Measuring accounting estimates involves some level of uncertainty. As a result, accounting estimates — such as allowances for doubtful accounts, impairments of long-lived assets, and valuations of financial and nonfinancial assets — require extra attention from auditors. Here’s a closer look at the current standards for auditing estimates and examples of specialists who may be hired to provide independent estimates.
Applying the auditing standards
Some estimates may be easily determinable, but many are inherently subjective or complex. Auditing standards generally provide three approaches for substantively testing fair value measurements and other accounting estimates:
Independence guidelines generally prohibit auditors from providing certain services for their public audit clients. To obtain independent accounting estimates, companies often turn to outside specialists.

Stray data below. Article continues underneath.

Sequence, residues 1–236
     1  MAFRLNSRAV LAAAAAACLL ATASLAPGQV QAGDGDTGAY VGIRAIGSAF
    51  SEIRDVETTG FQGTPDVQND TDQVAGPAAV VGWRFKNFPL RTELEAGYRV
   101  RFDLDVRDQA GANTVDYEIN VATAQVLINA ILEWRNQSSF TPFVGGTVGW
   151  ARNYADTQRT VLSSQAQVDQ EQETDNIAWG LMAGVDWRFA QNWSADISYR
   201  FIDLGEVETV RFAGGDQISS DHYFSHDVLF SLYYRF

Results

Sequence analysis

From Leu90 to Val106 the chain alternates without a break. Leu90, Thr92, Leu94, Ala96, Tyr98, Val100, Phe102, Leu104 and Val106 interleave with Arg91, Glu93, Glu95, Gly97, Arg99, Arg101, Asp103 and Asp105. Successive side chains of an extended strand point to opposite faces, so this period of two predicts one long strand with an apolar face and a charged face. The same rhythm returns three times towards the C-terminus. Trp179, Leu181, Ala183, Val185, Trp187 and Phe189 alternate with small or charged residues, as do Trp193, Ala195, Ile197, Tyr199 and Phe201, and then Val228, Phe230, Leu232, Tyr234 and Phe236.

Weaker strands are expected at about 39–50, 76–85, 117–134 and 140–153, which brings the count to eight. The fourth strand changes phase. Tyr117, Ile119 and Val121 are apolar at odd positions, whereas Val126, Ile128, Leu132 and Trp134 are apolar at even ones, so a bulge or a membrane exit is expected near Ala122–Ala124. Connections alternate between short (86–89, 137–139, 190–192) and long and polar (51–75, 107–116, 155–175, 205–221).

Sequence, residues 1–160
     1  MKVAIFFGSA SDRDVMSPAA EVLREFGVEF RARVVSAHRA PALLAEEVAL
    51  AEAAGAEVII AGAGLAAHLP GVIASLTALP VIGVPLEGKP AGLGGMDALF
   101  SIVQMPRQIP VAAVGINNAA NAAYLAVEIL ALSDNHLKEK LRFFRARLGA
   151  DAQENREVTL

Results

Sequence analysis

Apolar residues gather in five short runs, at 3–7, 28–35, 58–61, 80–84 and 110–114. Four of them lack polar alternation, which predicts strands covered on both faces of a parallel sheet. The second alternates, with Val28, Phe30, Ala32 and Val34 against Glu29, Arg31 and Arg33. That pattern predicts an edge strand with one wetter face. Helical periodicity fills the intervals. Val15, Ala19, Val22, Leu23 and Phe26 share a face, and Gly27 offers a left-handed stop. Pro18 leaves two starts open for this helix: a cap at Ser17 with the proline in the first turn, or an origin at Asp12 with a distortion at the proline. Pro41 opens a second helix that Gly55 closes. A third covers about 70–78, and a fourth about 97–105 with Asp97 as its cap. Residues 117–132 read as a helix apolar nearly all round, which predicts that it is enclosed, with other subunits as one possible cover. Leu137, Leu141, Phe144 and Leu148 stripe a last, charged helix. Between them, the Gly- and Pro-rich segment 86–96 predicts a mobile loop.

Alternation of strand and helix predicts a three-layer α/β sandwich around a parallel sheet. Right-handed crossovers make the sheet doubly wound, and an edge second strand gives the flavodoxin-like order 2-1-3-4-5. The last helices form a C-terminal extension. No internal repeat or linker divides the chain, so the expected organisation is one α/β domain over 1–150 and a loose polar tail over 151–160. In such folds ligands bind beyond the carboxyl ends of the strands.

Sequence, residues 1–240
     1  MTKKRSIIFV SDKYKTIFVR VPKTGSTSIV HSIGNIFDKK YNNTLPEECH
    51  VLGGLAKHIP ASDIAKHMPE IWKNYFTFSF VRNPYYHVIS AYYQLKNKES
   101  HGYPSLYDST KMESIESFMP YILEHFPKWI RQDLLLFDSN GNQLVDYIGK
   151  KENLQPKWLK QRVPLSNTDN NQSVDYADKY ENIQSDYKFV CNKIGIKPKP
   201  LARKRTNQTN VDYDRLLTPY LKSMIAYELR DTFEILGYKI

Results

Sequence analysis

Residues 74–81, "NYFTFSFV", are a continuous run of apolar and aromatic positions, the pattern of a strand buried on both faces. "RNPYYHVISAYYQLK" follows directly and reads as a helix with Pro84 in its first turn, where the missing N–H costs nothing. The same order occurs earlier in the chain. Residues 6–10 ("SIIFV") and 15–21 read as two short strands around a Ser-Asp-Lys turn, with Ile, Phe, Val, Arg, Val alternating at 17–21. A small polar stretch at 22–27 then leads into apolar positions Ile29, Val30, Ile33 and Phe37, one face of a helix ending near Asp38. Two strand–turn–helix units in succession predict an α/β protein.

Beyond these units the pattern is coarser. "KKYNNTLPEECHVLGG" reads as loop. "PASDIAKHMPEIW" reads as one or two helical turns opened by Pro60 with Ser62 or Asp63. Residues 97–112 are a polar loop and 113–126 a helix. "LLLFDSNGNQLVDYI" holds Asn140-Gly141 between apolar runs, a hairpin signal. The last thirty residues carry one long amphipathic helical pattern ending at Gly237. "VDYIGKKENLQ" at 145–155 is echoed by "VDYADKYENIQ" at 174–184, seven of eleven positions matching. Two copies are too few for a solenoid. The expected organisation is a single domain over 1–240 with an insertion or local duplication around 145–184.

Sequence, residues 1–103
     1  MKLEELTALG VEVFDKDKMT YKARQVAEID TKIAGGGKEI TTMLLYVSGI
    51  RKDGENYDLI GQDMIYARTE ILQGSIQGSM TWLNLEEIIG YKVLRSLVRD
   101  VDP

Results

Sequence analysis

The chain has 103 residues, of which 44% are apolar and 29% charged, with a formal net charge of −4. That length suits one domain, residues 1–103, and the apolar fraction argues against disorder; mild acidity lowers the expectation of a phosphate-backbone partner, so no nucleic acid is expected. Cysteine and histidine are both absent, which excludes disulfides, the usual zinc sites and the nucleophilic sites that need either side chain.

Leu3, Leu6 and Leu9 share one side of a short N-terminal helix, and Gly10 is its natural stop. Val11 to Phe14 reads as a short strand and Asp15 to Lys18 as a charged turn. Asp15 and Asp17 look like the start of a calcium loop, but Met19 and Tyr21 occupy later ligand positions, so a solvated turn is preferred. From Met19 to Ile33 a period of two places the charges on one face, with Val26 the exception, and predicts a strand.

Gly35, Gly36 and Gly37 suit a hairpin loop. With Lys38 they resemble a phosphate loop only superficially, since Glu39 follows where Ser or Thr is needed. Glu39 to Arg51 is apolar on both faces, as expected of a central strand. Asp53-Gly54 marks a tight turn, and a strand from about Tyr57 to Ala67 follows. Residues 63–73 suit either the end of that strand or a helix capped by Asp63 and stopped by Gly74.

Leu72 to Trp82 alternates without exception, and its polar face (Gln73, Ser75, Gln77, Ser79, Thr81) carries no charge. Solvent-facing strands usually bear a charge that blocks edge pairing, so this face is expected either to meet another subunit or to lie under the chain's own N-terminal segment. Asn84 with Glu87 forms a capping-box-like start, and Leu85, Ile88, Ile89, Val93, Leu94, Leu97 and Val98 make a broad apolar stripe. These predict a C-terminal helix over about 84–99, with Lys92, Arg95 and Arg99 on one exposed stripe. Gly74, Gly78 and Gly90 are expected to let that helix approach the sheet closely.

Relying on specialists
Examples of specialists used to prepare accounting estimates include:
Auditors often help direct these specialists to minimize the risk of misstatement, especially when specialists aren’t subject to the audit firm’s training, resources and quality control systems.
Business transactions have grown more complicated in recent years, leading companies to make a significant number of subjective estimates and rely more heavily on outside parties to bring in specialized knowledge. We understand how to apply the auditing standards to accounting estimates made in-house and/or using outside specialists. Contact us for additional information.